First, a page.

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this proposition serves as the basis of psychoanalysis as far as I understand it.

Psychoanalysis has failed both on the theoretical level and more importantly on the practical level of actually helping or curing people.

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14 minutes ago, ofd said:

Psychoanalysis has failed both on the theoretical level and more importantly on the practical level of actually helping or curing people.

How did it fail? More importantly what has succeeded? by what standard?

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45 minutes ago, ofd said:

That's a big if.

The question that any person faces in life is, what should I be doing with my time? I think this is a sufficient proof of free will because it asks man to be rational and to have objective ideals. If emotions are arbitrary, then there are no objective ideals because the purpose of life is happiness but happiness is just positive emotions.

 

45 minutes ago, ofd said:

That's a false dichotomy. Emotions are not under your rational control. Sure, you can force yourself to feel differently, but that takes a lot of energy and eventually, it will fail. 

To say that it's a false dichotomy sounds like saying that rationality and irrationality is a false dichotomy. I can understand that emotions might be inaccurate some of the time, e.g., it's just a prank bro. I'm not saying that emotions are always accurate, but I am saying that they are always rational and that just means empirical. And given that our emotions such as guilt are so complex, this must be the case. That's because in order for us to even be able to feel guilt, we must have built a conceptual chain leading to guilt that includes other concepts such as justice, and that can only be done by a robust, empirical mind. But if we are able to do that, it doesn't make sense that we make a 'cognitive error' of thinking that we ought to be guilty for things we didn't do wrong. That cannot be the case, because if we feel guilt then we very well know what justice is, but if we know justice, then we know that what we have done isn't wrong. If emotions such as guilt don't really exist or are much more primitive than we make them to be, then I don't understand how a person can find meaning in such a complex world. I think it is most likely that we evolved to have complex emotions as we concurrently came to understand the world and society.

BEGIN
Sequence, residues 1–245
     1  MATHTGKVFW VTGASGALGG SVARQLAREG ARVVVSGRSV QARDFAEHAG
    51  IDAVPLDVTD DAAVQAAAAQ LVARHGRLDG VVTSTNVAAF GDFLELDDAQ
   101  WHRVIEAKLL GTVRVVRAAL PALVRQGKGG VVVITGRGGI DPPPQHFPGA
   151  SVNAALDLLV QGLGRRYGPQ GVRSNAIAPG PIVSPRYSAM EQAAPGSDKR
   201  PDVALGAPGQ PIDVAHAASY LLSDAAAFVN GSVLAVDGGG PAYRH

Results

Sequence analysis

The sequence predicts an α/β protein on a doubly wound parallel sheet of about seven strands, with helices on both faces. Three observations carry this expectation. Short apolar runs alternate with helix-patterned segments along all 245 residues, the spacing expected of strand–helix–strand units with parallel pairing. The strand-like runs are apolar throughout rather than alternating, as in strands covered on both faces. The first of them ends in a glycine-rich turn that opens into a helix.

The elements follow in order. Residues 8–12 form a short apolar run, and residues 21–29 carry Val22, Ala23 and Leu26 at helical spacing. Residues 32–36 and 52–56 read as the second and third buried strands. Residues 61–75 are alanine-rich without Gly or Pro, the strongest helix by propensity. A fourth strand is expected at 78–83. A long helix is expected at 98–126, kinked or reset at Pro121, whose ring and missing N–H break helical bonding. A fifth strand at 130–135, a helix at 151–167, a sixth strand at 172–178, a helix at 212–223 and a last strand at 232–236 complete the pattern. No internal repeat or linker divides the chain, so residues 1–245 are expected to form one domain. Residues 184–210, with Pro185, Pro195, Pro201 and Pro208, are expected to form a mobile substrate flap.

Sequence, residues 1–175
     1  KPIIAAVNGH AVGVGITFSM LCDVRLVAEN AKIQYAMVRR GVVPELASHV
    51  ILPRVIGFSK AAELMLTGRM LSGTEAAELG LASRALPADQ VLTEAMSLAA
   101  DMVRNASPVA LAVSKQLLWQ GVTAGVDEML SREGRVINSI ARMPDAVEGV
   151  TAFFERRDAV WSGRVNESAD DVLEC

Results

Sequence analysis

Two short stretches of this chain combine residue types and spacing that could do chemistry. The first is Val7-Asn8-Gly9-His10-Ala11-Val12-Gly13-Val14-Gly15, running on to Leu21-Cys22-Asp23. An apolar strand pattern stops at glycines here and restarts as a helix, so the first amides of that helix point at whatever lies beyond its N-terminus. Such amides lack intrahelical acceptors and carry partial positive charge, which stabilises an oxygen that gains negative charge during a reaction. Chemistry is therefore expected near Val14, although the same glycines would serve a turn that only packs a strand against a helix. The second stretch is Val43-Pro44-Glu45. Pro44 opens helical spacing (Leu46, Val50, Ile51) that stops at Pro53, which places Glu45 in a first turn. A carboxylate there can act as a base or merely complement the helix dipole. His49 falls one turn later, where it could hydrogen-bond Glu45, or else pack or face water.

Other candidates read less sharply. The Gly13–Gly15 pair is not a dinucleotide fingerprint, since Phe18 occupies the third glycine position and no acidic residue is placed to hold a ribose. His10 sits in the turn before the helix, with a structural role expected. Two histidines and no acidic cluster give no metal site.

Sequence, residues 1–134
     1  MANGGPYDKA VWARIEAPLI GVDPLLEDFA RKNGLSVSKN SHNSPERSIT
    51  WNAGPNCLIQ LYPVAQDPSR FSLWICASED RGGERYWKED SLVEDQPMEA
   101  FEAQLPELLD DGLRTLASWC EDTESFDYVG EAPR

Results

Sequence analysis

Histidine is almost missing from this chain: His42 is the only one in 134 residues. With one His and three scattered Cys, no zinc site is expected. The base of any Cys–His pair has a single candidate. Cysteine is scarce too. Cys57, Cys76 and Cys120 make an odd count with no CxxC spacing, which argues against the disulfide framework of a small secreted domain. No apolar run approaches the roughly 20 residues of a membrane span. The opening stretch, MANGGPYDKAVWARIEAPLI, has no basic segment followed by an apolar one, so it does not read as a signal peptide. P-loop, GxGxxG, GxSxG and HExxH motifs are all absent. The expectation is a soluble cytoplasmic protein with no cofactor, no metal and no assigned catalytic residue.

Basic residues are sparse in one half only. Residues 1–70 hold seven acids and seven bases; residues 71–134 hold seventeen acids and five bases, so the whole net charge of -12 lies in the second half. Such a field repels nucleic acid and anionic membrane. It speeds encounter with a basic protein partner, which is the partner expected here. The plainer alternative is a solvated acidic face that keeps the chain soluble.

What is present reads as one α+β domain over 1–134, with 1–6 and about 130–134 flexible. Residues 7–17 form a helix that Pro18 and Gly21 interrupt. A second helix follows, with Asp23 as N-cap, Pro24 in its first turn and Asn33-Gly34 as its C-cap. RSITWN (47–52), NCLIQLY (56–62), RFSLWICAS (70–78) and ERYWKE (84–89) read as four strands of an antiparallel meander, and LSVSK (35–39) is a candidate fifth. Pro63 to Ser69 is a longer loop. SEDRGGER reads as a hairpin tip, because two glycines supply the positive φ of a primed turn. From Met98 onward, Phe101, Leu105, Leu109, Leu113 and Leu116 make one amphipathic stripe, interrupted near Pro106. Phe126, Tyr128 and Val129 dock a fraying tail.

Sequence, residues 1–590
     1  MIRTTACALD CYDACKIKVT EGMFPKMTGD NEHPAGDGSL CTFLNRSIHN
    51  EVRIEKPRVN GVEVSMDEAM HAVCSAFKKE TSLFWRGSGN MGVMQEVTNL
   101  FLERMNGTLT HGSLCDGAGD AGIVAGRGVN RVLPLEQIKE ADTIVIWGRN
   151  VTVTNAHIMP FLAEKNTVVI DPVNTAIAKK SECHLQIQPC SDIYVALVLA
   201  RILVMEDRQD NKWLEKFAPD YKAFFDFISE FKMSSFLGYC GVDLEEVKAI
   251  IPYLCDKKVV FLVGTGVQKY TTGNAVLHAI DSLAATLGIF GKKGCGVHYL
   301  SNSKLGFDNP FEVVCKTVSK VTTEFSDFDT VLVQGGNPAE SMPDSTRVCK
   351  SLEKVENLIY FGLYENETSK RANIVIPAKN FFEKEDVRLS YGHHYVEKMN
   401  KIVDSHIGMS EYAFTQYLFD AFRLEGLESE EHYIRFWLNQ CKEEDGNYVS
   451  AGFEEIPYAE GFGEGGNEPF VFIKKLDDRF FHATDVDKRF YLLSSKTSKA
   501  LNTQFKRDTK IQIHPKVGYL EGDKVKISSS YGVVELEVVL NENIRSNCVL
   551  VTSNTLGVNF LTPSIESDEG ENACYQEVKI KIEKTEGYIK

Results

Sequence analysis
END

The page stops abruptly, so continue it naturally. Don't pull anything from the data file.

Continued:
45 minutes ago, ofd said:

The self itself is under heavy dispute, especially among those who study the mind. Either via scientific approaches or on a subjective level using meditation.

I would definitely say that the true self consists of sub-personalities which can even contradict one another.  However, a conceptual net can be caste around these sub-personalities that are more or less not merely self-defense mechanisms. The sub-personalities of the false self are simply reacting to the sub-personalities of the true self. To give a very concrete example, obviously there is a part of you that knows your dog didn't eat your homework. However, there is another part of you that doesn't want other people to know that you know that. Without the first part, the second part cannot exist. This is how we differentiate the true and false self. Perhaps this is where the idea of shoulder angels originated from.

 

45 minutes ago, ofd said:

Psychoanalysis has failed both on the theoretical level and more importantly on the practical level of actually helping or curing people.

Psychoanalysis or rather psycho-dynamics has been shown to be as effective as CBT in the long-term. However, many psychologists argue that there is a common variable that explains this. And they say that this common variable is the empathy of the counsellor/therapist. Given these results, I think the debate is not nearly settled. Anyway, I'm not even sure whether it is fair to compare psycho-dynamics to other psychotherapies, just like it is unfair to compare weight loss and liposuction. Also, it should be noted that almost every FDR call-in show contains a great chunk of psycho-dynamics. It is very hard to argue that self-defense mechanisms don't exist or that there aren't unconscious drives or motives which we only discover later in life. Cognitivism might claim to be able to explain these things, but it goes nowhere near into detail as psycho-dynamics has.

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Hi @Mole

I guess that's you changing your mind about/discarding military internship... right?

If so, good on you! Make it work!

Barnsley

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36 minutes ago, Mole said:

The question that any person faces in life is, what should I be doing with my time? I think this is a sufficient proof of free will because it asks man to be rational and to have objective ideals. If emotions are arbitrary, then there are no objective ideals because the purpose of life is happiness but happiness is just positive emotions.